In an interview with Bloomberg, Dangote explained that he would look into buying Arsenal once construction had been completed on his oil refinery, which is set to become operational this year.
He said: “It is a team that yes I would like to buy some day, but what I keep saying is we have $20billion worth of projects and that’s what I really want to concentrate on.
“I’m trying to finish building the company and then after we finish, maybe some time in 2021 we can. I’m not buying Arsenal right now, I’m buying Arsenal when I finish all these projects, because I’m trying to take the company to the next level.”
Following Arsenal’s involvement in the failed European Super League, calls for the club’s owner Stan Kroenke to sell have intensified, with fans calling for Dangote to purchase the club.
Who is he?
The 64-year-old has been dubbed Africa’s richest man and he is a passionate Arsenal supporter.
Dangote started his own business at the age of 21, launching the Dangote Group after he received a loan from his uncle.
The business initially traded in imported commodities like rice and vegetable oil but he soon diversified into infrastructure, oil and gas and consumer goods.
How has he made his money?
Earlier this year, Forbes estimated that Dangote was worth $12.1 billion (£8.7 billion), an increase of $2 billion (£1.4 billion) from last year.
The vast majority of his fortune comes from his cement business, with Dangote Cement producing 45.6m metric tons of the stuff each year.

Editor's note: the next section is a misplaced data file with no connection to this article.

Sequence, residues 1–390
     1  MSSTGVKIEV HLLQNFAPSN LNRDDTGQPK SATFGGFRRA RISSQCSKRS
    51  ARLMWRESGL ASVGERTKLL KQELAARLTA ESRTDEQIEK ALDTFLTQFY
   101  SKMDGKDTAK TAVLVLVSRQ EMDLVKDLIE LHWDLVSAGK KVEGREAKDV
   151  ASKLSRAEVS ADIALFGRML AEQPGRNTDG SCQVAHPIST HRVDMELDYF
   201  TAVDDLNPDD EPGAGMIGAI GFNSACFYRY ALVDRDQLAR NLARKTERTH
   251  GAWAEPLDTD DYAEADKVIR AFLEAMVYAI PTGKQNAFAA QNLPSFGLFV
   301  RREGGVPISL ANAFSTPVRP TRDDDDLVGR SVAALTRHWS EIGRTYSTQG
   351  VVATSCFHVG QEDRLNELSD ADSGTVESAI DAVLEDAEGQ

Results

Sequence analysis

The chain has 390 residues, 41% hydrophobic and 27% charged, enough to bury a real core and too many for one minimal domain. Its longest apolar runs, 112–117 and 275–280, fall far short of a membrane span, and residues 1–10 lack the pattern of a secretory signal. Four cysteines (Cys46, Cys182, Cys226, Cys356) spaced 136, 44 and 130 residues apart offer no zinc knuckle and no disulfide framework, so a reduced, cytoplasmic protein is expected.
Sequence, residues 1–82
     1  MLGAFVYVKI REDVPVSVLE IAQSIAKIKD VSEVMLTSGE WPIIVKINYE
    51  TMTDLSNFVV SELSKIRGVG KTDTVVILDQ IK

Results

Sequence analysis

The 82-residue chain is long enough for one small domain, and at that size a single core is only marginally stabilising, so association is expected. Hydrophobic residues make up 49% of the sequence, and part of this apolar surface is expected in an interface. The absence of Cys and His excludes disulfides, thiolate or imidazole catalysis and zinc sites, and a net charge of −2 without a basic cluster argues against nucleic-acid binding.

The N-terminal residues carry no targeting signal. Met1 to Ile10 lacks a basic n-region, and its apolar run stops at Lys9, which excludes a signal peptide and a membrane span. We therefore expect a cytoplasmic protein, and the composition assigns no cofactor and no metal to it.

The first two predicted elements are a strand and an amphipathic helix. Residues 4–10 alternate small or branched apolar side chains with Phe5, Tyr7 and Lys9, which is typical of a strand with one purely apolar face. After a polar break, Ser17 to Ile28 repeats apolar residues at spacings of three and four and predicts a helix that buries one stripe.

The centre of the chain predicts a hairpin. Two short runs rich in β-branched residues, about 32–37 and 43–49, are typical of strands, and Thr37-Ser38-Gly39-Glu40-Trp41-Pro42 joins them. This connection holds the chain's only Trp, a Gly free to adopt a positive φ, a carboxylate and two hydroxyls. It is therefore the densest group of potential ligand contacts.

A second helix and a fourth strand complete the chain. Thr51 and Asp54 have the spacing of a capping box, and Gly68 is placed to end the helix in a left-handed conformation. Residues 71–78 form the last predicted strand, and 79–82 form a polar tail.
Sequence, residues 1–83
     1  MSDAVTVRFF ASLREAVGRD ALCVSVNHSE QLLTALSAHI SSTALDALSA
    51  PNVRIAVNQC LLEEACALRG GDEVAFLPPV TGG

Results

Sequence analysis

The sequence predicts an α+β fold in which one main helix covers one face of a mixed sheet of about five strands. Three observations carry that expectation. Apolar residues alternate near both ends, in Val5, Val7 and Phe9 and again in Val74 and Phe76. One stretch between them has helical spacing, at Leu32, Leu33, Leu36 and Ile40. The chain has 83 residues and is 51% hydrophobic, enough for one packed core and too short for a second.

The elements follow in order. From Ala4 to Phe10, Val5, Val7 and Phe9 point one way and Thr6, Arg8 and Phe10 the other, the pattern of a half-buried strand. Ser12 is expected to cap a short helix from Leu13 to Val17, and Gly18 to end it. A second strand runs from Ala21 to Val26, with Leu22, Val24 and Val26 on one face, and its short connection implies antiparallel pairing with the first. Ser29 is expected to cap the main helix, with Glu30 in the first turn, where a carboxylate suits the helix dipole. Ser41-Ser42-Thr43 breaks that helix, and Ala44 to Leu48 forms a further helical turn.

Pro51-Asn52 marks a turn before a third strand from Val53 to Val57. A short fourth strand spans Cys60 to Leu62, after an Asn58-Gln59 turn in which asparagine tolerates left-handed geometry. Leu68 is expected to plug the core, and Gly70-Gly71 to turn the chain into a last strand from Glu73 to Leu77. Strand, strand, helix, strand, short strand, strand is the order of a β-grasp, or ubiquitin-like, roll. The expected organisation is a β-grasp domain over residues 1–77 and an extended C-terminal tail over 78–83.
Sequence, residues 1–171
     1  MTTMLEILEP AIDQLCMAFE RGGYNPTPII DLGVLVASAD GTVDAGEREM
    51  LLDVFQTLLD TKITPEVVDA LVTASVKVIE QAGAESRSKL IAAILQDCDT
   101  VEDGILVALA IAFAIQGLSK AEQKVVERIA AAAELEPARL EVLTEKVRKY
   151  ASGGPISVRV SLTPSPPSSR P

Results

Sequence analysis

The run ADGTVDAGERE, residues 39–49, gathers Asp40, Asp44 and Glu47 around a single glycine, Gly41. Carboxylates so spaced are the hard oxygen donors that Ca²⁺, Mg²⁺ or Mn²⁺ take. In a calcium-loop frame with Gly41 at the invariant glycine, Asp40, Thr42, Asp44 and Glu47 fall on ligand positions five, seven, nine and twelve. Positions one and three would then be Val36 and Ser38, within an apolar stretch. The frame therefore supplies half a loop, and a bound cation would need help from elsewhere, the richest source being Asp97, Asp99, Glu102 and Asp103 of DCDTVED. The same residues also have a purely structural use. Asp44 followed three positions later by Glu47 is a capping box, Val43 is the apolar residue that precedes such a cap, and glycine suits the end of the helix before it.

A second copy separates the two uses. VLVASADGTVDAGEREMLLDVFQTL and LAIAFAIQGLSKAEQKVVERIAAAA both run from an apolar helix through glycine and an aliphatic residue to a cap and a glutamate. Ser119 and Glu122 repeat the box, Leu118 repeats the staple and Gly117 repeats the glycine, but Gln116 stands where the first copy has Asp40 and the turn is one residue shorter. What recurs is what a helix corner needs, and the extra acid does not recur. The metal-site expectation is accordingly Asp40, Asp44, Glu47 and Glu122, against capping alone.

He has also turned his attention to oil, with the Dangote refinery expected to be one of the largest oil refineries in the world once construction is complete.
What else has he said about Arsenal?
Back in 2015, Dangote spoke about his attempt to purchase Lady Nina Bracewell-Smith’s stake in the club, which she sold to Kroenke in 2011.
He said: “There were a couple of us who were rushing to buy, and we thought with the prices then, the people who were interested in selling were trying to go for a kill.
“We backtracked, because we were very busy doing other things, especially our industrialisation. When we get this refinery on track, I will have enough time and enough resources to pay what they are asking for.”
In 2016, Dangote added: “It’s not about buying Arsenal and just continuing with business as usua. It’s about buying Arsenal and turning it around.
“I’ve run a very successful business and I think I can also run a very successful team. Right now, with what we’re facing, over $20billion of projects, I cannot do both.
“There’s no doubt [I’ll buy Arsenal], it’s not a problem of money. The issue is that we have more challenging headwinds. I need to get those out the way first and start having tailwinds. Then I’ll focus on this.”
He then reiterated his desire to purchase Arsenal in 2017, saying: “I don’t want to go after Arsenal until I deliver the refinery. Once I deliver, I will go after Arsenal.
“At the moment we are a little bit off track. We didn’t really realise that we were going to need almost 70 million cubic meters of sand. But we are catching up, and I’m sure we’ll be able to deliver it by the last quarter of 2017.”